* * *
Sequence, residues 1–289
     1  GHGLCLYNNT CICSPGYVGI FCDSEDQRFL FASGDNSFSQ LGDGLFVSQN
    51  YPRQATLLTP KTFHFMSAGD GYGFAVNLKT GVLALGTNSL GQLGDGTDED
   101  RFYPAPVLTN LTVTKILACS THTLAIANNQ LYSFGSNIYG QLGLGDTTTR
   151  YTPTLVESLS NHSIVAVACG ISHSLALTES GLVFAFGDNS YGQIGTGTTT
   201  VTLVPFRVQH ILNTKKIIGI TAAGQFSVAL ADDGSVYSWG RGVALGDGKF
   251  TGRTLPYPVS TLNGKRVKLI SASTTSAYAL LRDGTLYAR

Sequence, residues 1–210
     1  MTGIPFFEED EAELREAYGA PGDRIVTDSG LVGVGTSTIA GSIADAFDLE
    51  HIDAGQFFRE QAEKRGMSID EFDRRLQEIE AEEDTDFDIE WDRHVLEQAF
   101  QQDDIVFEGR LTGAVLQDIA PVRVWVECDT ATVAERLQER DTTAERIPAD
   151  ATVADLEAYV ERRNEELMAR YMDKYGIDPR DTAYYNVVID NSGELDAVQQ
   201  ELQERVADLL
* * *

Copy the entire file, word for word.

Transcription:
Sequence, residues 1–289
     1  GHGLCLYNNT CICSPGYVGI FCDSEDQRFL FASGDNSFSQ LGDGLFVSQN
    51  YPRQATLLTP KTFHFMSAGD GYGFAVNLKT GVLALGTNSL GQLGDGTDED
   101  RFYPAPVLTN LTVTKILACS THTLAIANNQ LYSFGSNIYG QLGLGDTTTR
   151  YTPTLVESLS NHSIVAVACG ISHSLALTES GLVFAFGDNS YGQIGTGTTT
   201  VTLVPFRVQH ILNTKKIIGI TAAGQFSVAL ADDGSVYSWG RGVALGDGKF
   251  TGRTLPYPVS TLNGKRVKLI SASTTSAYAL LRDGTLYAR

Sequence, residues 1–210
     1  MTGIPFFEED EAELREAYGA PGDRIVTDSG LVGVGTSTIA GSIADAFDLE
    51  HIDAGQFFRE QAEKRGMSID EFDRRLQEIE AEEDTDFDIE WDRHVLEQAF
   101  QQDDIVFEGR LTGAVLQDIA PVRVWVECDT ATVAERLQER DTTAERIPAD
   151  ATVADLEAYV ERRNEELMAR YMDKYGIDPR DTAYYNVVID NSGELDAVQQ
   201  ELQERVADLL